Van Dyke's Closing: Lincoln Road Has Become the Luxury Mall It Was Meant To Be

Categories: Unreal Estate

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Van Dyke's Facebook
We all deluded ourselves into thinking that Lincoln Road could become some sort of quirky subversion of the suburban mall shopping experience. That the uniquely Miami culture the strip once exemplified could survive peacefully alongside giant corporations' fast fashion mega-stores. Sure, for a while it was a place where you could get khakis at the Gap and a cheap shirt from H&M to match, but afterward you could go check out drag queens, live jazz, a sale on mystical healing crystals, literary author readings, samba lessons or any host of outré diversions that would have seemed downright bizarre in any regular mall.

The announcement this weekend that it's closing time for the Van Dyke Cafe, the iconic restaurant and live jazz hotspot, is just the latest gut punch reminder that that era of Lincoln Road is long gone. Its character is now quickly becoming about as a bland as food court grub in a shopping mall. But we shouldn't be surprised. This is what Lincoln Road was always supposed to be, and that's sad.

Van Dyke's closing is just the latest in a string of exits from the pedestrian mall. Score and its drag queens now call a spot off Washington Avenue home. New age one-stop-shop 9th Chakra has relocated to Alton. Ice Box Cafe, a locally-owned dessert mecca that resided just off the strip, couldn't even ride an Oprah endorsement to Lincoln sustainability and relocated Sunset Harbour. David's Cafe II and Zeke's Roadhouse are gone too.

Nothing is sacred. No literally. The Miami Beach Community Church, located in prime property on Lincoln Road, is considering leasing its courtyard to a developer for further retail space in a $100 million, 50-year deal. "This is a miracle from God," the head of the church's board of directors told New Times. "It's truly a miracle from God that he would provide this church with these types of resources." We must have missed the parts of the Bible that characterized gentrification as a miracle.

In that same stretch of time, H&M opened in the old Lincoln Theater. Urban Outfitters now resides in a space formally occupied by an apothecary. Forever 21 is in the old Saks building. Apple and Gap are currently building themselves larger store spaces on the road. American Eagle and Zara are on their way. Not to mention a brand new Yard House restaurant, a chain owned by the same company that brought us Red Lobster and Olive Garden.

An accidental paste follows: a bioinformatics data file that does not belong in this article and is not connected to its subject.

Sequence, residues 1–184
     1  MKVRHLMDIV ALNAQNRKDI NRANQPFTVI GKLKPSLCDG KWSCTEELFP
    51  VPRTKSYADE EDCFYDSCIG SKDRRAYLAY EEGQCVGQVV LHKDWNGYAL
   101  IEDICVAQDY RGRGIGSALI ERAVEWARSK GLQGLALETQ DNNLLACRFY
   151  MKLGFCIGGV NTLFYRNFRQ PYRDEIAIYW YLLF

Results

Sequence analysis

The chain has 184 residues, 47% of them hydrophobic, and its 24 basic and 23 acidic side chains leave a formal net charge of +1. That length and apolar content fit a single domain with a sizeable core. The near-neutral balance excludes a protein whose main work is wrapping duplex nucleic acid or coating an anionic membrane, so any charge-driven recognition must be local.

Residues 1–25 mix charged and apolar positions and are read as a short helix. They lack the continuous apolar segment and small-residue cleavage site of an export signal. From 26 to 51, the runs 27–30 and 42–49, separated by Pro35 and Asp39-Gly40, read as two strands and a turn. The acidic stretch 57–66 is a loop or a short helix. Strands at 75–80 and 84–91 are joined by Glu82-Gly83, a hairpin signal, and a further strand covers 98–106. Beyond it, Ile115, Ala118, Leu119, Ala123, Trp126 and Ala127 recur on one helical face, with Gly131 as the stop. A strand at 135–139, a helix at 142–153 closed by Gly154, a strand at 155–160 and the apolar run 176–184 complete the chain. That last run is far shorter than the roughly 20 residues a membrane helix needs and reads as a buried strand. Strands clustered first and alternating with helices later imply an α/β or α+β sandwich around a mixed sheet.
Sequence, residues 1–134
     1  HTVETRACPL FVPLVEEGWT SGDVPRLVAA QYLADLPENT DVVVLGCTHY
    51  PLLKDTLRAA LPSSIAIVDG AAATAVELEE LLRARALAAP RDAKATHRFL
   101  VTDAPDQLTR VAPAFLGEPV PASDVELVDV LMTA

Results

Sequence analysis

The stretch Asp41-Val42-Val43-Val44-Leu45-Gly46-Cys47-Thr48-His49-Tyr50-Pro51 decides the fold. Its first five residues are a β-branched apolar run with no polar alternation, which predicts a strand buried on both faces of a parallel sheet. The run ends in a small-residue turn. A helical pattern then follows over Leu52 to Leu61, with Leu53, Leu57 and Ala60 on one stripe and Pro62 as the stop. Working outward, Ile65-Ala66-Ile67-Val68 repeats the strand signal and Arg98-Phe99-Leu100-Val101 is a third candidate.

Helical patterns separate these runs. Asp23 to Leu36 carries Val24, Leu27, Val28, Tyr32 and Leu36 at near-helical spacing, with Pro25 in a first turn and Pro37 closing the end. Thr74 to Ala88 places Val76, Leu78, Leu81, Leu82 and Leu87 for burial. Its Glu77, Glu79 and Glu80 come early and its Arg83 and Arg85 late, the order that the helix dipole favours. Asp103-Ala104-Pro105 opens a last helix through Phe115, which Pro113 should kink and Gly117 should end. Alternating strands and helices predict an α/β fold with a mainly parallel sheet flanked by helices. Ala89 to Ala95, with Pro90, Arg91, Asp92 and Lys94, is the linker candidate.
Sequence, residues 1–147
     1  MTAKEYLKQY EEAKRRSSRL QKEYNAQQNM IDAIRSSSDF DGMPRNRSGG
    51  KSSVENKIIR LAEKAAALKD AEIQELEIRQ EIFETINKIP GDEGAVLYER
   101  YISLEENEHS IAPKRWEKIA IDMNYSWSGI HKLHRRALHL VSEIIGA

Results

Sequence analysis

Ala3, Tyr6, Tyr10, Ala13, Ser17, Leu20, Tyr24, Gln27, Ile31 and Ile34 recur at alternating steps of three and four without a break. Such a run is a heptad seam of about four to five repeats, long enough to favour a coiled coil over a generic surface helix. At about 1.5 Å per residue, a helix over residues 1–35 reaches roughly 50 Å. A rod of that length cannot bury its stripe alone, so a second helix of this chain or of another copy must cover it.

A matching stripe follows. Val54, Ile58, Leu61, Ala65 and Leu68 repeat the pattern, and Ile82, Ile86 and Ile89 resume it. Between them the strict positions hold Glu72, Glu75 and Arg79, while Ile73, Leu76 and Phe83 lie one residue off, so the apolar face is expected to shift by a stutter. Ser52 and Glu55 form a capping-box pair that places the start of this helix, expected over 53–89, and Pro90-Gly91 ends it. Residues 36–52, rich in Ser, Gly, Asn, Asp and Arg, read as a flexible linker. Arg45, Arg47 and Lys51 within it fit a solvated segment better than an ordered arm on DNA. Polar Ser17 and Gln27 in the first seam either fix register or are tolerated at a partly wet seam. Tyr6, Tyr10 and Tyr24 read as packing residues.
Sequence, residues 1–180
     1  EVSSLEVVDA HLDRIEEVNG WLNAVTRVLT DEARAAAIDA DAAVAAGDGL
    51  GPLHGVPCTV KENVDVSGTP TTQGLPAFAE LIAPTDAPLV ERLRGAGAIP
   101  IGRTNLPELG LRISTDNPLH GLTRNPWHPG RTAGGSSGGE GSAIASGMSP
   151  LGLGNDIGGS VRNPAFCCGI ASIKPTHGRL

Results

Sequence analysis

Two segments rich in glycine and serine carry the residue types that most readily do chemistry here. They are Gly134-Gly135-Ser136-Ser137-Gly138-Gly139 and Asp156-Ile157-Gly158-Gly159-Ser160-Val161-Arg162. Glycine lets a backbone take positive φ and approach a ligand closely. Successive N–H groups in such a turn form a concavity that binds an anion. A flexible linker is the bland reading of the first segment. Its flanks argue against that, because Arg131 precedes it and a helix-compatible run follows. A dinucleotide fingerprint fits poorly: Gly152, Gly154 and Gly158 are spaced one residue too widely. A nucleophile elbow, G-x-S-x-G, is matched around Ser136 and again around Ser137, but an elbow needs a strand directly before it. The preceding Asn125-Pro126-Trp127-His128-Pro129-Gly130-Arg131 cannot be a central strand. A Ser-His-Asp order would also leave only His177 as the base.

But Van Dyke's closure is particularly poignant. The restaurant helped revitalize Lincoln Road into what it was today.

Back in 1986 the Miami Herald characterized Lincoln Road as a "road to nowhere." Five years earlier a letter writer to the Miami News called it a "ghost town." As anyone familiar with Miami Vice could tell you, the early 1980s were not a particularly kind time to Miami, the beach in particular. Lincoln Road was a prime example. Storefronts sat empty. But then in the late '80s artists started renting out those stores as gallery space. Soon Miami Beach and Lincoln Road took on a bohemian vibe. Van Dyke was one of the first restaurants to set up shop in the slowly reinvigorating area, and certainly the oldest to have survived that era. It offered affordable but tasty grub downstair, but more famously offered live jazz and R&B upstairs every night.

It's a victim of the very revival it helped spur. Van Dyke never became less popular. Anyone who walked down Lincoln Road could see a restaurant as packed as any other on the strip, but it couldn't keep up with the rising rent on Lincoln Road.